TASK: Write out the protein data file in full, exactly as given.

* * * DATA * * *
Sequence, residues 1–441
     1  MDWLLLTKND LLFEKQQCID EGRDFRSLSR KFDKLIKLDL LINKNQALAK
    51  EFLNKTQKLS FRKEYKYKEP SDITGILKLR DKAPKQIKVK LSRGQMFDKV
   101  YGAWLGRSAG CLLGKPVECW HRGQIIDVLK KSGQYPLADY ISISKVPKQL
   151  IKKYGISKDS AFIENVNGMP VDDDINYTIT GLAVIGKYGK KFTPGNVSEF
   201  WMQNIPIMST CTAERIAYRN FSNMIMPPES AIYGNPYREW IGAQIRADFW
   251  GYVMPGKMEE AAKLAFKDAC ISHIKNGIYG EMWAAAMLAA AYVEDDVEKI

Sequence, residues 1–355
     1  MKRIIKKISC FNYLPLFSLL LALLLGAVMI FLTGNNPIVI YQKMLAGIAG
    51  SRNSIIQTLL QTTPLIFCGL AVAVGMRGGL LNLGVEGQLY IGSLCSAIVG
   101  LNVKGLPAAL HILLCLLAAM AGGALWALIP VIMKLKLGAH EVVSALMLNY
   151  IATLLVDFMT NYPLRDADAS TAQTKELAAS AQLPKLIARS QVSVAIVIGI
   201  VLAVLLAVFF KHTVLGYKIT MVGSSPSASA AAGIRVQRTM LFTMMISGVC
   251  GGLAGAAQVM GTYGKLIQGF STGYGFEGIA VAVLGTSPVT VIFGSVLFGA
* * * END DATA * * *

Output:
Sequence, residues 1–441
     1  MDWLLLTKND LLFEKQQCID EGRDFRSLSR KFDKLIKLDL LINKNQALAK
    51  EFLNKTQKLS FRKEYKYKEP SDITGILKLR DKAPKQIKVK LSRGQMFDKV
   101  YGAWLGRSAG CLLGKPVECW HRGQIIDVLK KSGQYPLADY ISISKVPKQL
   151  IKKYGISKDS AFIENVNGMP VDDDINYTIT GLAVIGKYGK KFTPGNVSEF
   201  WMQNIPIMST CTAERIAYRN FSNMIMPPES AIYGNPYREW IGAQIRADFW
   251  GYVMPGKMEE AAKLAFKDAC ISHIKNGIYG EMWAAAMLAA AYVEDDVEKI

Sequence, residues 1–355
     1  MKRIIKKISC FNYLPLFSLL LALLLGAVMI FLTGNNPIVI YQKMLAGIAG
    51  SRNSIIQTLL QTTPLIFCGL AVAVGMRGGL LNLGVEGQLY IGSLCSAIVG
   101  LNVKGLPAAL HILLCLLAAM AGGALWALIP VIMKLKLGAH EVVSALMLNY
   151  IATLLVDFMT NYPLRDADAS TAQTKELAAS AQLPKLIARS QVSVAIVIGI
   201  VLAVLLAVFF KHTVLGYKIT MVGSSPSASA AAGIRVQRTM LFTMMISGVC
   251  GGLAGAAQVM GTYGKLIQGF STGYGFEGIA VAVLGTSPVT VIFGSVLFGA